October 7, 2008
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October 7, 2008
Over the many years that I have been in the health and exercise field, the aspect of exercise that I have noticed is hardest for most people is getting started. We all know that exercise is good for us. Exercise science can now prove it by telling us about the many benefits of exercise. What remains the toughest part of getting started and taking that first step is motivation. Behavior change is a difficult process. What better way to find out what motivates people to exercise than to talk to those who are, and have been, regular exercisers. This week, I have decided to let you in on some of my own motivators and my own personal philosophy on exercise, why I got started and why I am still exercising after 35-years. So, here’s my story . . .
It was 1974 and I was about three months from my twenty-fifth birthday. Over the previous year, I had gained over twenty pounds. Not good! I had actually started swimming with a friend, about 1/4-mile every other day, but I wasn’t a good swimmer and I did a lot of side-stroke and took a lot of breaks at each end of the pool. I also made a big mistake. I fell into a mind trap and got caught up in a myth: I convinced myself that because I was exercising, I could eat more . . . and I did! There was no way that the amount of calories I was eating was going to be burned off by what I was doing in the pool. I ate pie at lunch, doughnuts on my coffee breaks and I never ate breakfast. I was really depressed and unhappy with myself.
At that time, my husband and I had just moved to Coronado, California, our first of many moves with the Navy. We decided that it would be fun to explore the area and enrolled in a basic mountaineering course. We were immediately instructed that we had better be fit because we were going to be putting in some miles and elevation gain. Dr. Kenneth Cooper’s book Aerobics had just been published and we decided to take the 12-minute test. I was in the poor category and I was only twenty-four. Not good! I found out how “poor” I was on our first hike. I had to stop frequently and just couldn’t keep up. That, coupled with my extra weight and the sudden realization that “the clothing industry was making clothes a lot smaller than they used to,” led me to go back to Dr. Cooper’s book to take my first step in the right direction. I started walking around a nearby baseball field until I could add a little jogging. The beautiful Coronado beach was nearby and I started going there to jog and then even began running. At the same time, I took another first step, one that I consider the most important reason I was able to lose weight . . . I started eating a regular breakfast before I went to work and I stopped eating the first thing that jumped out at me in the cafeteria line on my coffee break, doughnuts!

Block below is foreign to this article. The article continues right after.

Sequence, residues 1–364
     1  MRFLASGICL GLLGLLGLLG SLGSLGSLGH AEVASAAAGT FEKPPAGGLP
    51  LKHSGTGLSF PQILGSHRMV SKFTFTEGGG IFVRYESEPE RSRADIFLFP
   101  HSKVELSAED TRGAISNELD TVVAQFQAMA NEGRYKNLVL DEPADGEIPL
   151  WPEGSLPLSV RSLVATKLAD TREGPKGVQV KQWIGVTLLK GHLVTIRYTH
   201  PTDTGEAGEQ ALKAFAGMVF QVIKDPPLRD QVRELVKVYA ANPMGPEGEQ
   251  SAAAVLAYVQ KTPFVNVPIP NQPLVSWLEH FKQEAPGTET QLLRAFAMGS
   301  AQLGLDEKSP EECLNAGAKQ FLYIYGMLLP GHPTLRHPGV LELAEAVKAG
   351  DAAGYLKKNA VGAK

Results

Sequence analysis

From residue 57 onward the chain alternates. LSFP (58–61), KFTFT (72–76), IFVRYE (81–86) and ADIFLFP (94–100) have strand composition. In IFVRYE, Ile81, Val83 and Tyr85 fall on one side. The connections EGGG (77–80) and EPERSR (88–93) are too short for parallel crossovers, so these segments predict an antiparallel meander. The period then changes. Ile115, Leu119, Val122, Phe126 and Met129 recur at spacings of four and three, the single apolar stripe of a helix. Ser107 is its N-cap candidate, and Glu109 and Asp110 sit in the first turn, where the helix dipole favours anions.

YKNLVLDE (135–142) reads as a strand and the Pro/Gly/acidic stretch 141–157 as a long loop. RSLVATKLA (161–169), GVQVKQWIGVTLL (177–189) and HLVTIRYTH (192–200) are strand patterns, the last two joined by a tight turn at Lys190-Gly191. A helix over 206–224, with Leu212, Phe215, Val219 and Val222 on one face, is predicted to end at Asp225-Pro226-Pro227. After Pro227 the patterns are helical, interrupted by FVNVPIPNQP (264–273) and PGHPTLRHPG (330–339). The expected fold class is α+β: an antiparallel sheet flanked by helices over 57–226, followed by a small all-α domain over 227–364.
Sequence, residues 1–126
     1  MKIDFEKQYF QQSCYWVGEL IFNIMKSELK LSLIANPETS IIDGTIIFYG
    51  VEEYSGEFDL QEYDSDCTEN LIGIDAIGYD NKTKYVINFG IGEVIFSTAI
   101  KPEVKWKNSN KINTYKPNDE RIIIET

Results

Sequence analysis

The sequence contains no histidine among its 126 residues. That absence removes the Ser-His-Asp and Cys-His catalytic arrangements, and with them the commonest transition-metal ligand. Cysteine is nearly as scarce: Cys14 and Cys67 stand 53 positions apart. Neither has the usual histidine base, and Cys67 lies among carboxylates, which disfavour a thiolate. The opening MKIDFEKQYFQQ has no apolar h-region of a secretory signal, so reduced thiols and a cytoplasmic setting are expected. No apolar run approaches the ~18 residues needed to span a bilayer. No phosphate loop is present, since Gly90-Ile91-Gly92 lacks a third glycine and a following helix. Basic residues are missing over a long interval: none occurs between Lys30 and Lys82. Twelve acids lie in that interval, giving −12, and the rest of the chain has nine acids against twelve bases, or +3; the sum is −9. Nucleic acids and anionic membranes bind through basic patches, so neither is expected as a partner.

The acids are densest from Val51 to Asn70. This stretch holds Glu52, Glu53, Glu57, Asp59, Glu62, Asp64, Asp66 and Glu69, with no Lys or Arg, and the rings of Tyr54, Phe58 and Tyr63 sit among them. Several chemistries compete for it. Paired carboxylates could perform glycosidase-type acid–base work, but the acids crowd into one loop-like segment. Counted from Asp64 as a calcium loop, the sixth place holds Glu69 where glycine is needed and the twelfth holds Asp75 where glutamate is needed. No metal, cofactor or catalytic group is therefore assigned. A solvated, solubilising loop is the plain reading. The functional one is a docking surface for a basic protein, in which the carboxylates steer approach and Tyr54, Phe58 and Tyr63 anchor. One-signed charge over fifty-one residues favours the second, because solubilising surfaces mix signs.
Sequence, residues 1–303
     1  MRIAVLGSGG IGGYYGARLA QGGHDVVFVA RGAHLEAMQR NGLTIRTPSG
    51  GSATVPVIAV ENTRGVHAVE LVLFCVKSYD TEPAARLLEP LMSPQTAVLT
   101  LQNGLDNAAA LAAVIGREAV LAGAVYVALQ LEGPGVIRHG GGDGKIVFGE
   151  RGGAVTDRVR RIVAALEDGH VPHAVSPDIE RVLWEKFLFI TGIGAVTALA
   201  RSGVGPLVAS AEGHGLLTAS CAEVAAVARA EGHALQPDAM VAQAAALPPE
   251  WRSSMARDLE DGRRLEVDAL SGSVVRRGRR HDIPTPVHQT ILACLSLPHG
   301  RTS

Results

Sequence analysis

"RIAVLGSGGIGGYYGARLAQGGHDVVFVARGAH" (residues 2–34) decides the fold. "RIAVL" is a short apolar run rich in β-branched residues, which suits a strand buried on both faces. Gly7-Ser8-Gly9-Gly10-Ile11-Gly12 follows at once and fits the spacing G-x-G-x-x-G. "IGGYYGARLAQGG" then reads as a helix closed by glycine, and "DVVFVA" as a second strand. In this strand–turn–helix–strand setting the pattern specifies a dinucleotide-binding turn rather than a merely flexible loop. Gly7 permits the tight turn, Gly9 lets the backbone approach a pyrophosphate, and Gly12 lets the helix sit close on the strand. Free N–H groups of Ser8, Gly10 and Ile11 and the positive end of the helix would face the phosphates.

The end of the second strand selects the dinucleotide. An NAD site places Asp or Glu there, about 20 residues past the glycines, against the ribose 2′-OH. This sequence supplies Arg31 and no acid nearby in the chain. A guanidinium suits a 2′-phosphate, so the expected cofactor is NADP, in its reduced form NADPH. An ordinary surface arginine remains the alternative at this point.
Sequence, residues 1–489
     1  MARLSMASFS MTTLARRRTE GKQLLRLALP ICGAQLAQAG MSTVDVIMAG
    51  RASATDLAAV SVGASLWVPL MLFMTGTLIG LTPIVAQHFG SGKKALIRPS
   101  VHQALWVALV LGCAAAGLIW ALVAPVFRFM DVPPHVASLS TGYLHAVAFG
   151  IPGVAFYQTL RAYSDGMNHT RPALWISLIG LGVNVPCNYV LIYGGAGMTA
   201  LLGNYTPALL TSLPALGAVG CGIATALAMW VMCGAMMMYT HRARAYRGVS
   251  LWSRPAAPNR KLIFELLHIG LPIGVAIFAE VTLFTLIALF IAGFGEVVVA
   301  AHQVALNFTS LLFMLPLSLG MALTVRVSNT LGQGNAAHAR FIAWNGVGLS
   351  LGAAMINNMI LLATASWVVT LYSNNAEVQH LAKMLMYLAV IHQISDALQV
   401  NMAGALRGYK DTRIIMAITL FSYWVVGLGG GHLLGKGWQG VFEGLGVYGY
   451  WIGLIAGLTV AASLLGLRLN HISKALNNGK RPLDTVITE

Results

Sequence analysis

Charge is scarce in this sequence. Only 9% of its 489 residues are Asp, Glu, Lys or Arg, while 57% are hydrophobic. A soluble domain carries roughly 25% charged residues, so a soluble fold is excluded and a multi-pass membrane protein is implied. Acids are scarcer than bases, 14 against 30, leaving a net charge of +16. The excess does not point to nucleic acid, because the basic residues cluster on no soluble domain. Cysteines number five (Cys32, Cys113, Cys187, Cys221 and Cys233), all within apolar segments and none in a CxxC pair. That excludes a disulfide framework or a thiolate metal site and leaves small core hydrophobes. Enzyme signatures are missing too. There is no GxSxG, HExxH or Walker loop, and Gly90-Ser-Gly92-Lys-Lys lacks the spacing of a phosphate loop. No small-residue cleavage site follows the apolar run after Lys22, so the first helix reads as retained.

Perhaps you have by now discerned my motivation. I was unhappy with myself. I couldn’t do what I had been able to do or what I wanted to do. I didn’t like the “me” I had become. As I began running and losing weight, I began feeling better, was able to do more, and got back to my regular weight and even less. I started feeling really good, was looking better, and could complete our conditioning backpacking hikes with energy to spare. In 1975, I entered my first of many road races, the Bay to Breakers in San Francisco, 7.6 miles, and in 1976, I completed my first marathon, the Honolulu Marathon, all 26.2 miles, accompanying a cardiac rehabilitation patient in the YMCA cardiac rehab program.
Over the ensuing years, I have continued to run. I don’t run as far or as fast or as often. Guess I’m kind of like the “Velveteen Rabbit.” I run (okay, jog) every other day from five-to-seven miles. What I’d like to pass onto you now is a little philosophy. I’ve already told you some things about exercise over the past few articles. Find what you like to do and take the first step. What it did for me is the title of this article. It led me through discipline to freedom. I wasn’t free to do the things I wanted to do. I couldn’t even hike at age twenty-four. I’ll be sixty next year and this past Sunday I ran the Portland Marathon 5-Miler. A phrase on the 5-Miler T-shirt, “Victory is crossing the starting line,” truly touched me and summarizes my philosophy on exercise, “Be there.” I love having the freedom to run along the waterfront, listen to the great music and participate in fun events. And I don’t run so I can eat more. I eat in order to have the energy I need to run.
When you take that first step, you are on your way to your own personal freedom–freedom to feel healthier and more energetic, freedom to be in charge of food instead of food controlling you, and yes, even the freedom to wear that smaller dress or pants size. Take charge. You are your own best health insurance policy. Lifestyle reform is the first and best step towards healthcare reform. Remember, “You are fearfully and wonderfully made . . . ” (Psalm 139) The human body is designed to move. With the right kinds of food and exercises your muscles deserve and yearn for, you can feel and look the way you did in years past.
(Note: Today, October 7, the U.S. Department of Health and Human Services will release “The Physical Activity Guidelines for Americans” in Washington, D.C. I will discuss these new guidelines in my article next week as well address the concepts of physical activity, exercise and movement.)
Yours in fitness,
Olivia C. Rossi, RN, MSN
Certified Clinical Specialist, ACSM
Certified Personal Trainer, ACSM
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